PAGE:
Technologies to Watch 2013: Windows Server 2012 Cannot be Ignored
Windows Server 2012 packs so many new features large and small that any Microsoft shop looking to gain advantages in cost and functionality will have to seriously consider upgrading this year.
Wed, January 02, 2013
Network World — Windows Server 2012 packs so many new features large and small that any Microsoft shop looking to gain advantages in cost and functionality will have to seriously consider upgrading this year.
Slideshow: Windows Server 2012 Highlights
What's more, the product is winning high marks for its flexibility and support of cloud architectures, leading Microsoft to crown it the Cloud OS. When introducing that concept this year, the company's server chief Satya Nadella defined Cloud OS as a blend of Windows Server 2012 and Windows Azure cloud service, each optimized to support large data center infrastructures that embrace a combination of traditional corporate-run data centers, private clouds and public clouds.
A LOOK AHEAD: Read through Network World's entire Outlook 2013 package
ADVICE: Quick Windows Server 2012 tips
The result, Nadella says, is a more flexible environment that will make it possible to add and remove capacity as needed and take advantage of the economy of public clouds. The change would be transparent to end users; resources become available as summoned regardless of where they actually reside. And because of the variety of options where resources might be housed, businesses can make decisions about which option is best for which type of data and application.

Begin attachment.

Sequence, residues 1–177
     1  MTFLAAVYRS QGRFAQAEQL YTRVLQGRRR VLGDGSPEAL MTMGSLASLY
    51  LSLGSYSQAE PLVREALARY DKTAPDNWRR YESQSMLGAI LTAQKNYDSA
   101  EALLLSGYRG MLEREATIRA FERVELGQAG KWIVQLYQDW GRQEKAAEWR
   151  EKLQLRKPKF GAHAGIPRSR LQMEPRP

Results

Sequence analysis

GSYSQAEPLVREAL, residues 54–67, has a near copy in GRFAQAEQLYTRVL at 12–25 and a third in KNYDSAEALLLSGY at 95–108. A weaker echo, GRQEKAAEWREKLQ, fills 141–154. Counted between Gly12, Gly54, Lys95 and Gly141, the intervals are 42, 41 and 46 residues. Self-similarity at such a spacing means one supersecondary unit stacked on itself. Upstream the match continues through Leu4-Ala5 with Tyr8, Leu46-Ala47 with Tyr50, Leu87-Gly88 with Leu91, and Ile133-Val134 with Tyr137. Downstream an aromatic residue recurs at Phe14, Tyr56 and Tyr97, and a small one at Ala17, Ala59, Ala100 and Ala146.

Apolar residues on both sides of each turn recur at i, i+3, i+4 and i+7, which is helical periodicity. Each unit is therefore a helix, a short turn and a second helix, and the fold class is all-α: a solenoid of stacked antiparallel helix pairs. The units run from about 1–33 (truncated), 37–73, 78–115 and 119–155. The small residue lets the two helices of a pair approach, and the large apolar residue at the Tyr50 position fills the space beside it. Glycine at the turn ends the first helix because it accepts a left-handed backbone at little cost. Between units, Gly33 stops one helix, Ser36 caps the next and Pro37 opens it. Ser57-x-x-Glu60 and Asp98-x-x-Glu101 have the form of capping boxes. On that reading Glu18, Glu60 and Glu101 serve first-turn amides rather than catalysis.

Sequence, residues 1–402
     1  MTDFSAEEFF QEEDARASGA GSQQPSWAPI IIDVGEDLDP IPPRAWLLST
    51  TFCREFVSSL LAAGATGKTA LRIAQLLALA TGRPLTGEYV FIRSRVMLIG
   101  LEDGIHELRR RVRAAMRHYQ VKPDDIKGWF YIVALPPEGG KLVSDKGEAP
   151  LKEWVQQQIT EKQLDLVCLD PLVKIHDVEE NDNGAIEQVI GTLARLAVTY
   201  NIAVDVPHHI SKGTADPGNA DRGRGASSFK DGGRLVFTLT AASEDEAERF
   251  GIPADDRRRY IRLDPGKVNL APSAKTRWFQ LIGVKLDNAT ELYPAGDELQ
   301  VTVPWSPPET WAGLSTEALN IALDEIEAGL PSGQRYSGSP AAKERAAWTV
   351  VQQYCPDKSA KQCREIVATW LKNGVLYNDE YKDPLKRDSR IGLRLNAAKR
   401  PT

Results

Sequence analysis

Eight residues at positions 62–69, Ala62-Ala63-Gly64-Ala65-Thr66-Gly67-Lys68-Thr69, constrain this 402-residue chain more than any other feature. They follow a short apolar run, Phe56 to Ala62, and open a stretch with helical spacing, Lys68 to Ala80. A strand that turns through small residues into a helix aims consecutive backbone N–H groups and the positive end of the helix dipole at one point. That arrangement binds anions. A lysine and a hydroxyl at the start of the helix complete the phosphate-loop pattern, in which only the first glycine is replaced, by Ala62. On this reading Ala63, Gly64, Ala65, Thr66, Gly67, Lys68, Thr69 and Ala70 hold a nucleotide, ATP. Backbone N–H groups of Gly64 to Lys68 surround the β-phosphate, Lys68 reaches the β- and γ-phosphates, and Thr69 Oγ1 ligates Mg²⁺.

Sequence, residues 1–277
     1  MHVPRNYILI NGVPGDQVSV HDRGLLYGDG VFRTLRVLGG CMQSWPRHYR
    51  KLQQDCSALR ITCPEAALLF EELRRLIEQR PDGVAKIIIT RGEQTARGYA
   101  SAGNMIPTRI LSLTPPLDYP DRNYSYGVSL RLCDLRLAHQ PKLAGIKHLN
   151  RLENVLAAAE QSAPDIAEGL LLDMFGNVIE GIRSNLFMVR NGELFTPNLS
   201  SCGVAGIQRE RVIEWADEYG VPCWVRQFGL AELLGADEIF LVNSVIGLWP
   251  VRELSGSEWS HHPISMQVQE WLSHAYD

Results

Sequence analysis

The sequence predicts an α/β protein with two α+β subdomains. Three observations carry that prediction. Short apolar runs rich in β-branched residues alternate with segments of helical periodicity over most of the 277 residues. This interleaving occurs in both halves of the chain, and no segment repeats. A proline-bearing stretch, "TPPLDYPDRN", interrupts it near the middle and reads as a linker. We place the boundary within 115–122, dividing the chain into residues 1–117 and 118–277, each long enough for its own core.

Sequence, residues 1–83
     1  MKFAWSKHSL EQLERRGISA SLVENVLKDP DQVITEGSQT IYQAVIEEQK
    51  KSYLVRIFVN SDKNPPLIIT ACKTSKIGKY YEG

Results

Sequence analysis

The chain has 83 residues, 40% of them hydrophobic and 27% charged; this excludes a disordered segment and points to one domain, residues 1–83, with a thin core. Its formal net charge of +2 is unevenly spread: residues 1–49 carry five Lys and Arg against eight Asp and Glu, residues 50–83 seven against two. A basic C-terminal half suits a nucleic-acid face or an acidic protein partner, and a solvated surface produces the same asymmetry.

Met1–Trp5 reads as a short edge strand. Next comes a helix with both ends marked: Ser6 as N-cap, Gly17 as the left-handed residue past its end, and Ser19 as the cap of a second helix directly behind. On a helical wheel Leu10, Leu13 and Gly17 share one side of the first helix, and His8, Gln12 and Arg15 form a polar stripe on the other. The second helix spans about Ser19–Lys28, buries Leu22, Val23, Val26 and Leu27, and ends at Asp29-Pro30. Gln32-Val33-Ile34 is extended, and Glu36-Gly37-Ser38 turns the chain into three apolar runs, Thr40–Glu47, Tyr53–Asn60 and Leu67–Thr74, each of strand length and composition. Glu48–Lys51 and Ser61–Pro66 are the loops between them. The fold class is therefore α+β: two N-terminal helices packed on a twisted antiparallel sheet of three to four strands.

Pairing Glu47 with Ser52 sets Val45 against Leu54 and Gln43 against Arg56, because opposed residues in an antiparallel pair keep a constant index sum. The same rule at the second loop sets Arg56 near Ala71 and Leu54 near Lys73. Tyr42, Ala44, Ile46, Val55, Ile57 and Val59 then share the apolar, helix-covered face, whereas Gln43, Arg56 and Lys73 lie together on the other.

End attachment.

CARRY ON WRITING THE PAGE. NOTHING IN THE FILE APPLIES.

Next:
All other things being equal they can choose, for example, the best method based on price.
While Microsoft itself is using Windows Server 2012 in its Azure cloud, other cloud service providers are also climbing onboard. Rackspace and Amazon Web Services have fired up services that include as many as 31 different Windows Server 2012 virtual images for customers to choose from.
Windows Server 2012 offers service providers and enterprise buyers alike a host of major advances, including:
* PowerShell: Microsoft has expanded the number of PowerShell commands 10-fold, making it possible to control just about all aspects of the server from command lines rather than the graphical user interface. The latest version also enables scheduling when jobs run, making it possible to batch them ahead of time to run later.
* Dynamic Access Control: This sets policies at the server that could, for example, deny access to a confidential file that is being accessed via remote desktop or even from a corporate laptop if it's connecting from a home network. In the past, access would be denied with no explanation, prompting help-desk calls. With a Windows 8 client the user is told why access is being denied rather than just being denied access.